View kshipp's profile


179 posts in 4018 days

#8 posted 07-22-2008 03:50 PM

I have a K3 Master system and I used to exclusively for my latest project.

Click for details

It is a really quick and easy way to join wood. I know you think this project would be your only use for it but I’m sure you will find many other uses for it once you have it. They have also had some rebates on the K3 Master system but I don’t see anything currently.

Here are some more reviews I found on Lumberjocks:
Blog entry by David
Review by Hawgnutz

-- Kyle Shipp,

View Phil_W's profile


17 posts in 4025 days

#9 posted 07-23-2008 04:35 AM

I’m in the process of building a Murphy bed with 3/4” oak plywood using a small kit. It does a great job of joining flat panels and very reasonable job of joining right angle panels (without blocking). I looked at the “K3 Master” kit and decided that there were just too many things that I would never use. My short experience with the small kit has born this out.


View Munnsy's profile


12 posts in 3879 days

#10 posted 07-23-2008 05:51 AM

The K3 Kit is great. My only advice would be to hook a vacuum up to it. The shavings are annoying.

View flink's profile


94 posts in 3960 days

#11 posted 08-12-2008 01:21 PM

I have one, too. Invest in a 90 degree clamp: The one with a disc and a pin. It hold corners together better than the clamps with two pads. I used the k3 when I built a cupboard for my workshop. It turned out okay. It would have been better had I used 3/4 inch sheet stock instead of the 1/2, but it’s enough for what I need. You probably won’t want to use it on stock less than 3/4. You can do it if you spend extra time experimenting with depth settings.

Mounting the kit on a board is a good idea if you’ll be doing long horizontal stick.

-- Made lots of sawdust and pounded some nails. Haven't finished anything, though.

View MsDebbieP's profile


18618 posts in 4401 days

#12 posted 08-12-2008 01:33 PM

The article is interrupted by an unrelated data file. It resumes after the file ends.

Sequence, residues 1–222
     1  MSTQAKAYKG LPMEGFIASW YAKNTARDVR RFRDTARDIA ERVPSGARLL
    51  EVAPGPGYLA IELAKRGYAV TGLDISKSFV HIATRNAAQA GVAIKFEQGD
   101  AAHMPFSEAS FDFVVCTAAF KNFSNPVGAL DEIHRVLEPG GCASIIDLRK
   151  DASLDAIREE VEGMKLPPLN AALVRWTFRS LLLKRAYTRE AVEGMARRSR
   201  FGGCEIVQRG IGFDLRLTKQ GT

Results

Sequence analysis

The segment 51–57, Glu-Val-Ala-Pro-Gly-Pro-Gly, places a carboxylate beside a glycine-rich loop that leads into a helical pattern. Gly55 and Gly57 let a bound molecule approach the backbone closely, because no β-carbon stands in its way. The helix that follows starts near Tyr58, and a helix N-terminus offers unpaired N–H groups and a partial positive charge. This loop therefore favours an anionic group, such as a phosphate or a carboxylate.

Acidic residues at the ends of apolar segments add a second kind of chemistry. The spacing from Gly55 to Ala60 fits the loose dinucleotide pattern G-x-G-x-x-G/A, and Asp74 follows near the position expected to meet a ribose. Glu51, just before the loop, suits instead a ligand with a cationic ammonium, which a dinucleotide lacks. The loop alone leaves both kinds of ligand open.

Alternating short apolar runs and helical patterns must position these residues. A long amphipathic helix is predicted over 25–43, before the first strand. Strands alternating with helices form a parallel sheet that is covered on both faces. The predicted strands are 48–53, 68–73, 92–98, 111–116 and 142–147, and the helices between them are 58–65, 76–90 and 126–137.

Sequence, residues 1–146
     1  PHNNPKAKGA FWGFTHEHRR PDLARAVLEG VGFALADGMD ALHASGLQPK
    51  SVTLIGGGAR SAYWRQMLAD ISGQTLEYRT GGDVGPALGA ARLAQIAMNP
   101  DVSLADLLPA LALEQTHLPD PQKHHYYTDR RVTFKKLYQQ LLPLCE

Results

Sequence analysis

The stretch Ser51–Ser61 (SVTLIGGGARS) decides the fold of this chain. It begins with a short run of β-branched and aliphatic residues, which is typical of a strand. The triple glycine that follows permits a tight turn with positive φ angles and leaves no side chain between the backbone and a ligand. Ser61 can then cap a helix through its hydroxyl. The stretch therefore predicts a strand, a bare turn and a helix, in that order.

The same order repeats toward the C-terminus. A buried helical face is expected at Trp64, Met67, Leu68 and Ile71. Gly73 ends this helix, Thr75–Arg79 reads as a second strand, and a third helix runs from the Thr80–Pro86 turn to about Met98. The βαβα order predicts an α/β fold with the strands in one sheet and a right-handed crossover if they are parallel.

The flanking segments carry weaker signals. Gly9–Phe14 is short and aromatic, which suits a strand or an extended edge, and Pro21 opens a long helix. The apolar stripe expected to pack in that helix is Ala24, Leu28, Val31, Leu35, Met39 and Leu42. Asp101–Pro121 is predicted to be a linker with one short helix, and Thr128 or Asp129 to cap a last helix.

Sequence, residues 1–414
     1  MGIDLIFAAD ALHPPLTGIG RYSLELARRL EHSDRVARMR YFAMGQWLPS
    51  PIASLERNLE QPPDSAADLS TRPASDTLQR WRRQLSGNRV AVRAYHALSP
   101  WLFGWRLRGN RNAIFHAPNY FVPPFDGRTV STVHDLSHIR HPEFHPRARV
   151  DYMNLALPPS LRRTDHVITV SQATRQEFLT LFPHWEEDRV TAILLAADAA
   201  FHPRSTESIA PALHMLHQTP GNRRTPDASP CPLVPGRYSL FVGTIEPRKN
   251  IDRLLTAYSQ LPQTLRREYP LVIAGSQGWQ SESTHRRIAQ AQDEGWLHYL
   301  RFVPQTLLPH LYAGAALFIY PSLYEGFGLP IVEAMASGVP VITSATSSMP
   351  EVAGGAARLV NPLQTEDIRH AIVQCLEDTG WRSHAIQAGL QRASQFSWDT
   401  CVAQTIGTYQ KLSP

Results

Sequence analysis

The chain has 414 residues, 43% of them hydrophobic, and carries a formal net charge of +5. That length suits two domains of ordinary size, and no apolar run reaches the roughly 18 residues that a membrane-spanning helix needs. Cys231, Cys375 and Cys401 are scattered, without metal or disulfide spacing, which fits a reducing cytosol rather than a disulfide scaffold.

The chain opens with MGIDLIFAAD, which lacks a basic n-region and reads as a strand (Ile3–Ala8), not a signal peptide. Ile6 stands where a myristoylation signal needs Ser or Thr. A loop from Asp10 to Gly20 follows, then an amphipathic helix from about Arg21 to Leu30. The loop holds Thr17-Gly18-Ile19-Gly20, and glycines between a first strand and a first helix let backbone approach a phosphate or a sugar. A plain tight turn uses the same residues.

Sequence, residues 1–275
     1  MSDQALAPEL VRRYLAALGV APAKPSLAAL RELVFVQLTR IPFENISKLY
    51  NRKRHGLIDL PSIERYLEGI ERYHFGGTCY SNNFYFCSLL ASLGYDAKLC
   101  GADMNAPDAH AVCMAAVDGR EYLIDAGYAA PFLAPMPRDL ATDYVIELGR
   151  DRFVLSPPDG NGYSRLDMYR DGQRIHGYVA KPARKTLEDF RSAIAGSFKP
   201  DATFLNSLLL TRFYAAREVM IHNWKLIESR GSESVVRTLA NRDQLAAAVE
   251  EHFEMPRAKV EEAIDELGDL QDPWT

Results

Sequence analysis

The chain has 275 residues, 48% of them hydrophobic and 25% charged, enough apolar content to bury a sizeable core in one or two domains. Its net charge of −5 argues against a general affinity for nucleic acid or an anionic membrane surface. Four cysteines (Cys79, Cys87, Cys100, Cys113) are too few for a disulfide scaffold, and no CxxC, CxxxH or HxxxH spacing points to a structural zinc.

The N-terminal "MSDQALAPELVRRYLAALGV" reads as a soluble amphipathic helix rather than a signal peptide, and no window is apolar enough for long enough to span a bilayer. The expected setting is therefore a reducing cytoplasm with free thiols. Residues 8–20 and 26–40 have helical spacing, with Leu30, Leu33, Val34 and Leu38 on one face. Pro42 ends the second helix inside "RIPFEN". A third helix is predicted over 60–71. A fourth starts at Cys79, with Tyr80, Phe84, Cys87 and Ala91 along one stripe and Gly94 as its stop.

re: Searching

once you do the original search you can then select “FORUMS” to refine your search.
the “all except store” is also a good option.

-- ~ Debbie, Canada (, Young Living Wellness )

View John's profile


190 posts in 3823 days

#13 posted 08-12-2008 06:04 PM

I have the K3 kit and an extra right angle clamp. The system is very useful but you can get away very nicely with the K2 set but I don’t think that has vacuum capabilites. It is a nice system and I find myself using it frequently. You could, as others have suggested, cut the tenons lying flat on the TS with a wide dado set. I cut all my tenons with the dado on the ts.

-- John, Long Island, NY

View sIKE's profile


1271 posts in 3994 days

#14 posted 08-12-2008 08:08 PM

I have the previous generation of the kit and I love it. Used it the other night to make a couple of temporary clamp racks. Glued and screwed, nice thing is you don’t have to wait for the glue to dry), mounted to wall and claps attached in under an hour. The right angle clamp suggested earlier is great for case work though you will want at least a pair.

-- //FC - Round Rock, TX - "Experience is what you get just after you need it"

View SawDustnSplinters's profile


321 posts in 4021 days

#15 posted 08-12-2008 08:39 PM

I built both these dressers using the Kreg system and Titebond II,

might be the older one, not sure, got it at a woodworking show years ago…. but it is the one that is screwed down and attached to my workbench and has the three holes you can select from, I was using 2” rails and stiles so I used the two outer holes, turned out very solid, even the sides and the top (no glue on the top) are attached with pocket holes, but I used the little mini jig, freehand with a clamp to space my pocket holes..

The end result is you can see no fasteners from the outside, they are all on the inside…..I like the system and find new ways to use it all the time, especially repair jobs…

-- Frank, Dallas,TX , , “I have a REALLY BIG chainsaw”